As usual, when a prominent Democratic politician or public figure makes headlines, LGBT advocacy groups develop a case of amnesia about that person’s record.
Today’s example: Sen. Barbara Mikulski, the iconic Maryland Democrat who has indisputably blazed a trail for women in the U.S. Congress.
But her record on LGBT issues is far from heroic, though you wouldn’t know it from the barrage of press releases today hailing her supposedly long record of support.
“Sen. Mikulski’s work has improved virtually every facet of life for LGBT Americans,” HRC trumpeted. “… the LGBT community will miss working with her.”
For a more complete, rounded view of her legacy, consider that she voted for the Defense of Marriage Act. She spent her entire life hiding in the closet and refusing to answer questions about her sexual orientation, even as she was casting horribly anti-gay votes. And the tales from her staffers about the abusive environment she cultivated in the office would make Anna Wintour blush.
The rumors about Mikulski’s sexual orientation go back to the 1980s, when Linda Chavez described her as a “San Francisco-style Democrat” while running against her for the Senate. Mikulski’s relationship with congressional aide Teresa Mary Brennan — the two briefly lived together — also raised eyebrows. After her vote for DOMA, Mikulski was ambushed in New York while on a book tour by LGBT activists who rightly demanded to know how she, as a closeted lesbian, could support DOMA and come to the heart of the city’s LGBT community to plug a book. She refused to answer their questions about her sexual orientation. She was similarly targeted by activists in other cities and always ran for cover, refusing to engage.
In 2004, as Congress prepared to vote on the Federal Marriage Amendment, which would have barred same-sex marriage, Mikulski’s position was unclear. It was a stressful time and bloggers and LGBT media outlets, including the Blade, were working to out hypocrites on Capitol Hill.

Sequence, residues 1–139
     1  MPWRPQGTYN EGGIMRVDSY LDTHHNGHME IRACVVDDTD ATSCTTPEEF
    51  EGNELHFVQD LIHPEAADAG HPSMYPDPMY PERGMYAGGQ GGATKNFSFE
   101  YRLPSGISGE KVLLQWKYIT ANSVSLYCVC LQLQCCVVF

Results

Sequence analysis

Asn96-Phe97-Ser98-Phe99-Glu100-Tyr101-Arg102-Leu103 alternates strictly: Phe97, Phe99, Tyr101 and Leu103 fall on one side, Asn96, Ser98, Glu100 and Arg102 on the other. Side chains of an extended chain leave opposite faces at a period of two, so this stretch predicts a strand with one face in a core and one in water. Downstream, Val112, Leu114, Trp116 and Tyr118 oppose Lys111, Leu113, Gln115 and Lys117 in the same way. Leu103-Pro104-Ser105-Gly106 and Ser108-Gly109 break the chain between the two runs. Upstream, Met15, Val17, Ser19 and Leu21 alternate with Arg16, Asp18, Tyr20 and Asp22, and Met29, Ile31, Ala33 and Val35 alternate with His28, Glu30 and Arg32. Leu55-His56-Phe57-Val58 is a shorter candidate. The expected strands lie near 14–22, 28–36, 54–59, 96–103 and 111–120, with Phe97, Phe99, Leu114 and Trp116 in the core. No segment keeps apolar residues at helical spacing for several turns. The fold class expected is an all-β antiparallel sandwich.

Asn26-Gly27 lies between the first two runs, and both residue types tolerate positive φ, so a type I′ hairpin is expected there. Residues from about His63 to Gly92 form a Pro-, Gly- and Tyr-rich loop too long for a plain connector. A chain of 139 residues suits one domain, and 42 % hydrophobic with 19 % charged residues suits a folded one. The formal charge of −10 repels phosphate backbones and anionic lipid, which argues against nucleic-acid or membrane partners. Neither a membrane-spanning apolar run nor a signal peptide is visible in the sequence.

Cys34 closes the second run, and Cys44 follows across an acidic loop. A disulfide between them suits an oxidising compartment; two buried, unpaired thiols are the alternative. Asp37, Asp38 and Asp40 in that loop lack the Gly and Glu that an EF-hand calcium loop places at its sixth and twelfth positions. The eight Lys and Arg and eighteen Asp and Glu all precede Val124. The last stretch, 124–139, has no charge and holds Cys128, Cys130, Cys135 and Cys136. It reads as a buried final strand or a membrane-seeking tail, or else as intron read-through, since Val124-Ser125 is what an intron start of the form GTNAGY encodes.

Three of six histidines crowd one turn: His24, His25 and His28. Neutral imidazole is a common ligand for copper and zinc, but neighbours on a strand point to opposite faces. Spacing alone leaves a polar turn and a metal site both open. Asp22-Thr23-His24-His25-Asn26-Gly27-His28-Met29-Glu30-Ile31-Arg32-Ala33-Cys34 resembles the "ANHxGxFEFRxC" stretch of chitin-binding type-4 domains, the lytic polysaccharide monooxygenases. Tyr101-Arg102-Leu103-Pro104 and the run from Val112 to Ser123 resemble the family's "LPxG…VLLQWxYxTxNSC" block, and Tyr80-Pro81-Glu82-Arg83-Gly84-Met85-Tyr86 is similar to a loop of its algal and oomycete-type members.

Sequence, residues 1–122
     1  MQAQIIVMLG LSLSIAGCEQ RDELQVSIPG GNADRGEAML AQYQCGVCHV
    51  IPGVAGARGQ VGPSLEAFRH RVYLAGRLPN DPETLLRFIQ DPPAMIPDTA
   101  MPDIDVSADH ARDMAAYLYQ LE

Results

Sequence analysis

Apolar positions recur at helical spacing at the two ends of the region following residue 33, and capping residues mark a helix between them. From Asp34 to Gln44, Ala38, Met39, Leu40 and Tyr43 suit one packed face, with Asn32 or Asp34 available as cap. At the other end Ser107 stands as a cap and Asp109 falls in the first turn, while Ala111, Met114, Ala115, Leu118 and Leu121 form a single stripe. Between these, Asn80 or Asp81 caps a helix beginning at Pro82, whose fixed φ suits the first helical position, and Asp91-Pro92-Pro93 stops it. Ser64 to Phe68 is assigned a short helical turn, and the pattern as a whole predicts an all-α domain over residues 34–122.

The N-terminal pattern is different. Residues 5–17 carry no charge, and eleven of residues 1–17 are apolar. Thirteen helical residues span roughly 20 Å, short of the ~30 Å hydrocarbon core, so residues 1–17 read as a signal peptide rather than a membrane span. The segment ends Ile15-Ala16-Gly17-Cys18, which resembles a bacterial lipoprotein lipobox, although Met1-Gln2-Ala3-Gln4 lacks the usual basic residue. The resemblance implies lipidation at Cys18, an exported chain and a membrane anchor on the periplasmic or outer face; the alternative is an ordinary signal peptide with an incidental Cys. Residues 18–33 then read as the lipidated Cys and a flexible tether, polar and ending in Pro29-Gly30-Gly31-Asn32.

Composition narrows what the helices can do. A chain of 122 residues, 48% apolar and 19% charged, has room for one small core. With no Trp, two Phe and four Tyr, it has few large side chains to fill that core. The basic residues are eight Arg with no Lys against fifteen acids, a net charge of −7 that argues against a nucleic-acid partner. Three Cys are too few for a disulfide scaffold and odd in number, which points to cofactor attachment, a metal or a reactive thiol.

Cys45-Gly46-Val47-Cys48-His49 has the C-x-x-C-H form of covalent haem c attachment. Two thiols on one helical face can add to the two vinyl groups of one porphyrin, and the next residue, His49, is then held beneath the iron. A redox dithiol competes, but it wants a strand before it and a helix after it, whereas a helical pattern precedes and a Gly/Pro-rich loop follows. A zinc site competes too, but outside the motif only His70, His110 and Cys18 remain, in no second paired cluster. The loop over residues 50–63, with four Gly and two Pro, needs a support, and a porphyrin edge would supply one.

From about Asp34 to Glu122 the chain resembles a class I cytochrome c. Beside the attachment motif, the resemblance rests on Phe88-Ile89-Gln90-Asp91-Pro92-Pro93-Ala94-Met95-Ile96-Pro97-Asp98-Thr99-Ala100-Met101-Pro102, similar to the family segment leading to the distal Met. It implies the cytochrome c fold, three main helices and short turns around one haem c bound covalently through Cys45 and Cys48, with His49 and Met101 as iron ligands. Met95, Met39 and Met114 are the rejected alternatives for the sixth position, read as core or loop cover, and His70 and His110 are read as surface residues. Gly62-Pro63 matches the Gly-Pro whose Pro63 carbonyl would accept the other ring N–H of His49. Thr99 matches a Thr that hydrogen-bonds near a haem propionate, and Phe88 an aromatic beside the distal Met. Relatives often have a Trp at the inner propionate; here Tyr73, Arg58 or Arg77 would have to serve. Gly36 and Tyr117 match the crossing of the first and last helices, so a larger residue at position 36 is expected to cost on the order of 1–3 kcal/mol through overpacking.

I confronted Mikulski at a Baltimore event in 2004 and asked her directly about her intent with regard to the FMA vote and whether or not she’s gay. Per usual, she ducked the questions and scurried to a waiting car.
The FMA failed and Mikulski ultimately did the right thing and voted against another marriage ban effort in 2006. She finally came around on LGBT issues and co-sponsored the Hate Crimes Prevention Act, ENDA and a repeal of DOMA.
All of that is good and appreciated but truly supportive and courageous politicians stand up before it’s safe and popular, as some of her colleagues did in opposing DOMA in 1996.
The mindless praise of politicians like Mikulski by HRC and others ignores history and does a disservice to LGBT people. Now that she’s freed from having to run another campaign for re-election, perhaps Mikulski will sit down and finally answer all the questions about her long career and not just the self-serving ones. No one disputes Mikulski’s great achievements, especially the work she’s done on behalf of her Baltimore constituents and her role as the “Dean of the Senate Women.” But there’s more to the story and so far it’s not being told.